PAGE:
6. A light-sensitive sulfur-sensitized silver halide emulsion additionally sensitized with an ethylene oxide polymer selected from the class consisting of condensation products of ethylene oxide with aliphatic acids, condensation products of ethylene oxide with aliphatic amines and condensation products of ethylene oxide with phenols, said ethylene oxide polymer having a molecular Weight of at least 300, said emulsion containing a small amount of a molecular addition compound of a mercuric salt with a nitrogen compoundselected from the class consisting of heterocyclic nitrogen compounds, primary amine substituted heterocyclic nitrogen compounds in which at least three bonds of the heterocyclic nitrogen atom are attached to carbon, amine-substituted mononuclear aromatic compounds in which three bonds-of theamino nitrogen atom are attached to carbon, and their halogen acid salts, and the halogen, acid salts of aliphatic amines containing at least three carbon atoms.

7. A light-sensitive sulfur-sensitized silver halide emulsion additionally sensitized with an ethylene oxide polymer which is a condensation product of one mol of lauric acid with approximately 26 moles of ethylene oxide, said emulsion containing a small amount of bis-(Z-amino-S- iodopyridine hydroiodide) mercuric iodide.

8. A light-sensitive sulfur-sensitized silver halide emulsion additionally sensitized with an ethylene oxide polymer which is a condensation product of one mol of glycine with approximately 20 moles of ethylene oxide, said emulsion containing a small amount of bis-(Z-amino-S- iodopyridine hydroiodide) mercuric iodide.

9. A light-sensitive sulfur-sensitized gelatino-silver halide emulsion additionally sensitized with an ethylene oxide polymer which is a condensation product of one mol of lauryl amide with approximately 20 moles of ethylene oxide, said emulsion containing a small amount of bis-(Z-amino-S-iodopyridine hydroiodide) mercuric iodide.

10. A light-sensitive sulfur-sensitized gelatino-silver halide emulsion additionally sensitized with an ethylene oxide polymer which is a condensation product of one mol of phenol with approximately 28 moles of ethylene oxide, said emulsion containing a small amount of his- (2-amino-5-iodopyridine hydroiodide) mercuric iodide.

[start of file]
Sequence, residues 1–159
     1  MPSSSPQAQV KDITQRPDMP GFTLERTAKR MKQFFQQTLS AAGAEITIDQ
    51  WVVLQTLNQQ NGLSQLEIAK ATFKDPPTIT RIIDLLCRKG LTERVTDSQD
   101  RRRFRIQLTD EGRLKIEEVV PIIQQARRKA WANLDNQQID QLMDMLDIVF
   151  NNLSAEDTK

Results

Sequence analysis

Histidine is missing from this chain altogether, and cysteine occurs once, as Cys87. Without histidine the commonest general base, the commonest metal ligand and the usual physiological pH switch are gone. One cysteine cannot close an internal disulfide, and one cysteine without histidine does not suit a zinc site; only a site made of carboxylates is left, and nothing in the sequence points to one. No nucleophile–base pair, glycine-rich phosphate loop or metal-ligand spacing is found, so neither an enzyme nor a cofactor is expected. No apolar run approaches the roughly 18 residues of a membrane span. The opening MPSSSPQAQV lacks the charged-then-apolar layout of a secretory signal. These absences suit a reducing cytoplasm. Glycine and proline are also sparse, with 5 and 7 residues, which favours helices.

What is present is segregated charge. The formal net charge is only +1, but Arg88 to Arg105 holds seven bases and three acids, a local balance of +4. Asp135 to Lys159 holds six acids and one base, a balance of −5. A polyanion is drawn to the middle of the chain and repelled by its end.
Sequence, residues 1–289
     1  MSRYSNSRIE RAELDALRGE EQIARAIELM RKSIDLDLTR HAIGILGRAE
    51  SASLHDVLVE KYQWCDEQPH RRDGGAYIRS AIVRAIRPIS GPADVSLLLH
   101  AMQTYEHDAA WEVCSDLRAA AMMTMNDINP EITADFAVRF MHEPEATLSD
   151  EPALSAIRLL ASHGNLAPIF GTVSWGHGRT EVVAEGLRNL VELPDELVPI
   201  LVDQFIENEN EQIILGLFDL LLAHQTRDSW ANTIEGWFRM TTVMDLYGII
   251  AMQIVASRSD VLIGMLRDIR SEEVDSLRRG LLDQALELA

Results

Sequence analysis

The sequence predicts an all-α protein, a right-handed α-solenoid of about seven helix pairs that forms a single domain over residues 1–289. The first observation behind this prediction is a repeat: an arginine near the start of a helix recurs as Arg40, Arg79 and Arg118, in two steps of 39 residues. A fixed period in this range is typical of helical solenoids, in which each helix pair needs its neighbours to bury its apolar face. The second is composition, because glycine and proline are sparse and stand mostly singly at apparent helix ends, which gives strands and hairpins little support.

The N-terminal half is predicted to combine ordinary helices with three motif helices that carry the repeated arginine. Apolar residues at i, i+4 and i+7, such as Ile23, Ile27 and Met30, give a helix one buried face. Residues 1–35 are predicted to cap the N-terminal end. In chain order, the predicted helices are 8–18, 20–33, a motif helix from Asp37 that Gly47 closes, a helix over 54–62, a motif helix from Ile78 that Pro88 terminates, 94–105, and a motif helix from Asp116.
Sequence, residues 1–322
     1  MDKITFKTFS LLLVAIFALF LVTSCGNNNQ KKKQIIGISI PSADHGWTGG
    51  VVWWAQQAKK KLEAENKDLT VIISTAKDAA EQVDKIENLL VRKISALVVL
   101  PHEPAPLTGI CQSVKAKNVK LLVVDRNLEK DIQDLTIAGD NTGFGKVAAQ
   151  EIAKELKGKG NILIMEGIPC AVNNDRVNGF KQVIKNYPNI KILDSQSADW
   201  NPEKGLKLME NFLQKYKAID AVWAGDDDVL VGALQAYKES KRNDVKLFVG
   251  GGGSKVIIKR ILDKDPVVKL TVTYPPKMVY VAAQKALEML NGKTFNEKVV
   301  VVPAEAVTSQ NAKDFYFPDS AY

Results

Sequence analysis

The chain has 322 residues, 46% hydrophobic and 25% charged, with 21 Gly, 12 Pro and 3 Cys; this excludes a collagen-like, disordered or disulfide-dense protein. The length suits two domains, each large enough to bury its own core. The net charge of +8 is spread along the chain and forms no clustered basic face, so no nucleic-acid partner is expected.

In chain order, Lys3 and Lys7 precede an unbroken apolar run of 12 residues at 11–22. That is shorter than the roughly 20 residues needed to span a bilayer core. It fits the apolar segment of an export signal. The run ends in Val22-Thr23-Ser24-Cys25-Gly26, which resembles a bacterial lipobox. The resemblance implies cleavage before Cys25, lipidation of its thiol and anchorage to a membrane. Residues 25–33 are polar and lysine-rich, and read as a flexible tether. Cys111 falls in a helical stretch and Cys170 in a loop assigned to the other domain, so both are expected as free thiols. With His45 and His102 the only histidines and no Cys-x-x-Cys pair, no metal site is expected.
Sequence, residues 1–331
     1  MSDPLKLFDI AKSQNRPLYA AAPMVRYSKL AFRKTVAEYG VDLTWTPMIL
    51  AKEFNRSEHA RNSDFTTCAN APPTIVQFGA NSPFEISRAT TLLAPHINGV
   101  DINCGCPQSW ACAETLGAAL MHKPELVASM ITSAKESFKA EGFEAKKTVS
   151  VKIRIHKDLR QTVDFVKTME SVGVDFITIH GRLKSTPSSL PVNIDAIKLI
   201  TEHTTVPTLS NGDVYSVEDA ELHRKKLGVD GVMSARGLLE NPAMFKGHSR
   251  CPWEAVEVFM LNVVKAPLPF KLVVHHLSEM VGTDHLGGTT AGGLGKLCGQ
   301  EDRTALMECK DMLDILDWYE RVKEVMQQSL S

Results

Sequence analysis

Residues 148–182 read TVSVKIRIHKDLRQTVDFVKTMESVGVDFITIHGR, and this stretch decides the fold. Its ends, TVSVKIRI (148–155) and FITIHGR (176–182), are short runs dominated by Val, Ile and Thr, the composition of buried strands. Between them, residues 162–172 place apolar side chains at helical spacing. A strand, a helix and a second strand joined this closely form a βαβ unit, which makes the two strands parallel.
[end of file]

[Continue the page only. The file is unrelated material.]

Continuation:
11. The emulsion of claim 7 which is additionally chemically sensitized with gold salts.

12. The emulsion of claim 8 which is additionally chemically sensitized with gold salts.

13. The emulsion of claim 9 which is additionally chemically sensitized with gold salts.

References Cited in the file of this patent UNITED STATES PATENTS 1,574,944 Sheppard Mar. 2, 1926 1,738,530 Frankenburger et al. Dec. 10, 1929 2,423,549 Blake et al. July 8, 1947 FOREIGN PATENTS 633,159 Great Britain Dec. 12, 1949

Patent Citations
Cited PatentFiling datePublication dateApplicantTitle
US1574944 *Jun 6, 1924Mar 2, 1926Eastman Kodak CoPhotographic light-sensitive material and process of making the same
US1738530 *Aug 11, 1928Dec 10, 1929Agfa Ansco CorpPreparation of photosensitive photographic emulsions
US2423549 *Jan 10, 1945Jul 8, 1947Du PontSilver halide photographic emulsions sensitized by polyalkylene glycols
GB633159A * Title not available
Referenced by
Citing PatentFiling datePublication dateApplicantTitle
US2944900 *Dec 10, 1956Jul 12, 1960Eastman Kodak CoSensitization of photographic emulsions with ionic polyalkyene oxide salts
US5550013 *Dec 22, 1994Aug 27, 1996Eastman Kodak CompanyDispersing medium with cubic silver iodochloride grains having iodide confined to exterior portions, also containing polyethylene oxide
Classifications
U.S. Classification430/600, 430/602, 568/608, 564/198
International ClassificationG03C1/04, G03C1/043, G03C1/34
Cooperative ClassificationG03C1/34, G03C1/043
European ClassificationG03C1/043, G03C1/34